by Tyler Arnold
Ohio Senate Republicans expect a budget bill compromise to be reached for a vote by Wednesday’s deadline, according to spokesperson John Fortney.
“We are very close, and we expect the budget to be ready for a vote before the interim period ends,” Fortney told The Center Square via email.
Republicans currently hold the leadership in both chambers of the state legislature, but feuds over what should be done with the budget surplus funds caused the legislature to miss a July 1 budget deadline. The two sides pushed through a temporary spending bill to keep the government open until Wednesday (July 17) so they could have more time to craft a bill that both chambers could support.
The specifics surrounding this potential compromise have yet to be released, but both chambers previously passed bills that cut the state’s personal income tax and increased spending for environmental and educational wrap-around programs.
One of the main points of contention between House and Senate leadership has been the small business tax credit. Gov. Mike DeWine and Senate Republicans want to maintain the current credit, but House Republicans want to scale it back. Current law provides a tax exemption on 75 percent of a small businesses’ first $250,000 of income, but the House bill would shift that threshold to only $100,000, causing a de facto tax increase on businesses.
Both chambers voted to eliminate income tax for all Ohioans who earn $22,500 or less. However, the Senate plan also provided an 8 percent income tax cut across the board, while the House plan provided a 6.6 percent income tax cut across the board. These cuts would be phased in over the two-year budget period.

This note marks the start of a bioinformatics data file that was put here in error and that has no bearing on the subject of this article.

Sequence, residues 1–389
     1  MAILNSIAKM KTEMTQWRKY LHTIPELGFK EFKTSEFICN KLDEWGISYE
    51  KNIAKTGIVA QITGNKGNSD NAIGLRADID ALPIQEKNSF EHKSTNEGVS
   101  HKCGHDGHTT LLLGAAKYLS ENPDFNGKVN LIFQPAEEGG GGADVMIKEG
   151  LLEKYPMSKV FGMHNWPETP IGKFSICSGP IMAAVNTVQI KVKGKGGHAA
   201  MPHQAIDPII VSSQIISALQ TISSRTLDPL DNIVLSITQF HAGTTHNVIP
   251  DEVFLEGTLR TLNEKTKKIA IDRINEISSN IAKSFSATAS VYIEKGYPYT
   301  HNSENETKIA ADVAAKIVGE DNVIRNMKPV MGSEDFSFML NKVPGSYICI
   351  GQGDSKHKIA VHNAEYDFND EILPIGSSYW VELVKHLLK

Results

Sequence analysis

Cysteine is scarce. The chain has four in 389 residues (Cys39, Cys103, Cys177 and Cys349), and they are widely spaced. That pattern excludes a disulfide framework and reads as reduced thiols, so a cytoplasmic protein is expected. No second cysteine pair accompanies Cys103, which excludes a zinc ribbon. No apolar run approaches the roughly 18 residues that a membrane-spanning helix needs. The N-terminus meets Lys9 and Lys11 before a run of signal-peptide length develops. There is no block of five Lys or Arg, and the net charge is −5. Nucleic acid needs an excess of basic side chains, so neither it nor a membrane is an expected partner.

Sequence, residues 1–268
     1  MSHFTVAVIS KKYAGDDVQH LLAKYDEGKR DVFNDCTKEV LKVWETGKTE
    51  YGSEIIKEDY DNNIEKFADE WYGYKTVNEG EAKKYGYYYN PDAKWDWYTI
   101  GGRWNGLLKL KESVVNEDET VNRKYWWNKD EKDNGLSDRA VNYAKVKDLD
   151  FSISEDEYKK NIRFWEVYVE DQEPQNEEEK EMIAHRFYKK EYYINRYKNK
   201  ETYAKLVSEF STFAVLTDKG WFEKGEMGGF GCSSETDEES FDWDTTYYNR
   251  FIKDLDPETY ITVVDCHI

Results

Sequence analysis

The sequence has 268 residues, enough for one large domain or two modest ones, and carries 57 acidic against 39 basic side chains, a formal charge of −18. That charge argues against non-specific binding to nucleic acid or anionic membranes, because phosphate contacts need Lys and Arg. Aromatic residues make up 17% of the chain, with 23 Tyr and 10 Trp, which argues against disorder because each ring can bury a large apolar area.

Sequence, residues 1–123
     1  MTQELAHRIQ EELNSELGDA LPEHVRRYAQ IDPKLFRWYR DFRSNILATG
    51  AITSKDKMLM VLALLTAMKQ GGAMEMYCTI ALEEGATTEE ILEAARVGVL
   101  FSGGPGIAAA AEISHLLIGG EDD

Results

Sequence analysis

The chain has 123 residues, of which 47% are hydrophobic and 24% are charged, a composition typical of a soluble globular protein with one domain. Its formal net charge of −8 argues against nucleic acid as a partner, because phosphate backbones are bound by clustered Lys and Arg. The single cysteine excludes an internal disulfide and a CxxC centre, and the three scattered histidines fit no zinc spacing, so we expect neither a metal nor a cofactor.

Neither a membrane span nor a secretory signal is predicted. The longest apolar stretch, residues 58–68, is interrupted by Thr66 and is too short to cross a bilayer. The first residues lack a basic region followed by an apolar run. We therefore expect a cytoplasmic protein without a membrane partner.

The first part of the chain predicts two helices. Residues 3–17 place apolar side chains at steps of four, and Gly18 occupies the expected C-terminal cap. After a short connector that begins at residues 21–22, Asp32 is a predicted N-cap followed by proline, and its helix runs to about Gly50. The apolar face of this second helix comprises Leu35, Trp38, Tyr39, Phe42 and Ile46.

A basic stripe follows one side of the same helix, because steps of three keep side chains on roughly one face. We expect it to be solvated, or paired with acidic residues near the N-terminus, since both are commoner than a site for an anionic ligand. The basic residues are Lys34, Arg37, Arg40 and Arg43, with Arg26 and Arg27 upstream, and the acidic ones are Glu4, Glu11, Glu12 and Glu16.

The House plan eliminated the motion picture tax credit from the budget, which is a tax subsidy for the film industry. The Senate plan retained the $40 million annual fund and expanded its access to include broadway-style shows
The Senate plan maintained the $550 million increase in funding for wrap-around programs that DeWine proposed over the two-year budget period. The House plan increased this to $625 million.
The two sides have also feuded over a healthcare transparency bill that the industry has come out against. House leadership backed a plan to require hospitals to provide cost estimates on non-emergency procedures and products for patients; the Senate plan removed this provision.
The House is scheduled to be in session at 1 p.m. Wednesday and the Senate is scheduled to be in session the same day starting at 1:30 p.m. where the two hope to pass a budget compromise that can be signed by DeWine.
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Tyler Arnold reports on Virginia, Ohio and Michigan for The Center Square. He previously worked for the Cause of Action Institute and has been published in Business Insider, USA TODAY College, National Review Online and the Washington Free Beacon.